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On Fri, 3 Dec 2010 05:50:36 -0800 (PST), snipped-for-privacy@optonline.net wrote:

The pilot will not provide enough heat to cause any pressure/temp relief to open. Leaving it on VACATION should not be a serious issue either if the water is hot when he shuts off the water. To be safe, just crack the highest water tap in the house enough to cause a drip - hot or cold doesn't matter. It won't drip unless the pressure builds, and will not fill the pipes with air which will make them hammer like crazy when the water is turned back on.
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On Dec 3, 2:09pm, snipped-for-privacy@snyder.on.ca wrote:

Who ever said that it did? Not me. I said if he chose to follow the previous posters advice, which was to turn off the main water supply to the house and NOT touch the water heater, then he should make sure to open a hot water faucet.

If it were me, I would never leave a water heater in a mode where it's going to be firing up at all with the water supply turned off.
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On Fri, 3 Dec 2010 11:34:48 -0800 (PST), snipped-for-privacy@optonline.net wrote:

I misread it - I totally missed the "without" - it was time for an afternoon nap!!!

I was just responding to the percieved safety issue raised.
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On Fri, 3 Dec 2010 05:39:14 -0800 (PST), jamesgangnc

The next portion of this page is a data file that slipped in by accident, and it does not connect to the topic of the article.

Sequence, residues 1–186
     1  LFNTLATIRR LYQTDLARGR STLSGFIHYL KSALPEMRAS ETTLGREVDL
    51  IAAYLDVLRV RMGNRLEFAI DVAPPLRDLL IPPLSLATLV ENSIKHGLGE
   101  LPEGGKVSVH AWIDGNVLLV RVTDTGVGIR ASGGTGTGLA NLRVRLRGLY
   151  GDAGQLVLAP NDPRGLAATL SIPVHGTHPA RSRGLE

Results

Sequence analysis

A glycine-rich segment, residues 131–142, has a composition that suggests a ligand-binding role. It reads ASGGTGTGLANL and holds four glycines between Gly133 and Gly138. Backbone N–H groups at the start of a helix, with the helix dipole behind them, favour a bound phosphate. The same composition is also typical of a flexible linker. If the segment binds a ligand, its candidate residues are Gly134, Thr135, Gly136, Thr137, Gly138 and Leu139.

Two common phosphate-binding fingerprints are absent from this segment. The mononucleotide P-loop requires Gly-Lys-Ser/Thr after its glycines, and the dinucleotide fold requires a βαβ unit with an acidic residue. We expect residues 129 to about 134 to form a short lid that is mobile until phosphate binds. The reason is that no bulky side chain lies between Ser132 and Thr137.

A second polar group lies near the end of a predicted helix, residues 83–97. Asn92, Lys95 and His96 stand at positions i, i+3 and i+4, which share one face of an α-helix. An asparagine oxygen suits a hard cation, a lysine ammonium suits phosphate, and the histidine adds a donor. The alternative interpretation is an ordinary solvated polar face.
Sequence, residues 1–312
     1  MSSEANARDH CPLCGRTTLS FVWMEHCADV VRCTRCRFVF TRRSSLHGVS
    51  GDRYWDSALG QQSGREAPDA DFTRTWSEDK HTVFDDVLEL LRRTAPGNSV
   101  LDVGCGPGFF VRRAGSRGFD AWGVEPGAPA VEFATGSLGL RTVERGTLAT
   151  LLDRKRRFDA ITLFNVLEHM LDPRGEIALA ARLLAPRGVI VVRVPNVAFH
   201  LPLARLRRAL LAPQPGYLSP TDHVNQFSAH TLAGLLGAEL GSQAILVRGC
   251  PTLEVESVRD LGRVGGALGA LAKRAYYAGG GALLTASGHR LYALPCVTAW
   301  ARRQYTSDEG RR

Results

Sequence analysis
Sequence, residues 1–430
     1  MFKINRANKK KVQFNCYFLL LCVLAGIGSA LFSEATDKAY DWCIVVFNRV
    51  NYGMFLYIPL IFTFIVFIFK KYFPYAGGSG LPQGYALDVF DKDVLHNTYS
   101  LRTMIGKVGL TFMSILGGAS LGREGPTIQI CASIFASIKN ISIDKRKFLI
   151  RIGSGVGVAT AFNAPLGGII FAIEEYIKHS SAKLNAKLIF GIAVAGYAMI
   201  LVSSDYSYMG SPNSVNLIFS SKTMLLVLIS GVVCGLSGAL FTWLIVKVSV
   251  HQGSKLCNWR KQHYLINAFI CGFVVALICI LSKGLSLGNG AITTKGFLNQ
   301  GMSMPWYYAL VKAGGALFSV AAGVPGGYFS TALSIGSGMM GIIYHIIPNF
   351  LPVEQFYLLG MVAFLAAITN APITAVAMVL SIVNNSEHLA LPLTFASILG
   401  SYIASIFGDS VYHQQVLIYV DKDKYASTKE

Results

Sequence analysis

Reminds me of a recent discussion here about basement floor drains. Houses on slabs usually don't have them. A buddy had all kinds of damage done to laminate wood floors, carpeting and even drywall when a dishwasher supply came loose when he and his wife were at work. Even a basement floor drain won't help a dishwasher in the kitchen. That and the toilet are the ones with flex fittings and attention should be paid that were done well. I had a washer hose pop in the basement but there was no damage done because the water went down the floor drain. Makes me think I'll just shut off the main next time I go on vacation. Put the water heater on pilot or just shut the gas main too.
--Vic
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wrote:

It can't leak out of a hot water faucet...because there would be no pressure.
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Wouldn't want to damage a leaking WH.

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What I do when leaving for an extended trip..my new (gas) heater (installed this week) has a vacation mode on the dial switch...however I will still turn the dial to the pilot position, this will keep my tank warm (even water) and help eliminate moisture internally which will eventually lead to corrosion. my opinion turn to pilot New tank is cool even has an electric lighter

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Hope it's not "cool"...you need it to work! (and by electric...do you mean piezo?)
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On Wed, 01 Dec 2010 13:02:09 -0500, Edward Reid

The question was not about turning off the HEAT - just the pilot.
Put the control on PILOT and shut off the water - no problem. If the heater leaks it will drown the pilot, but so what?
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Better is closing the water main, leaks can occur anywhere. My neighbor went away 2 days, the toilet on the second floor cracked, Walls and ceilings were canvas on plaster, floors and furniture were ruined. Turning down the water heater might save .50c a day
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My tank has a "vacation" mode, just above pilot.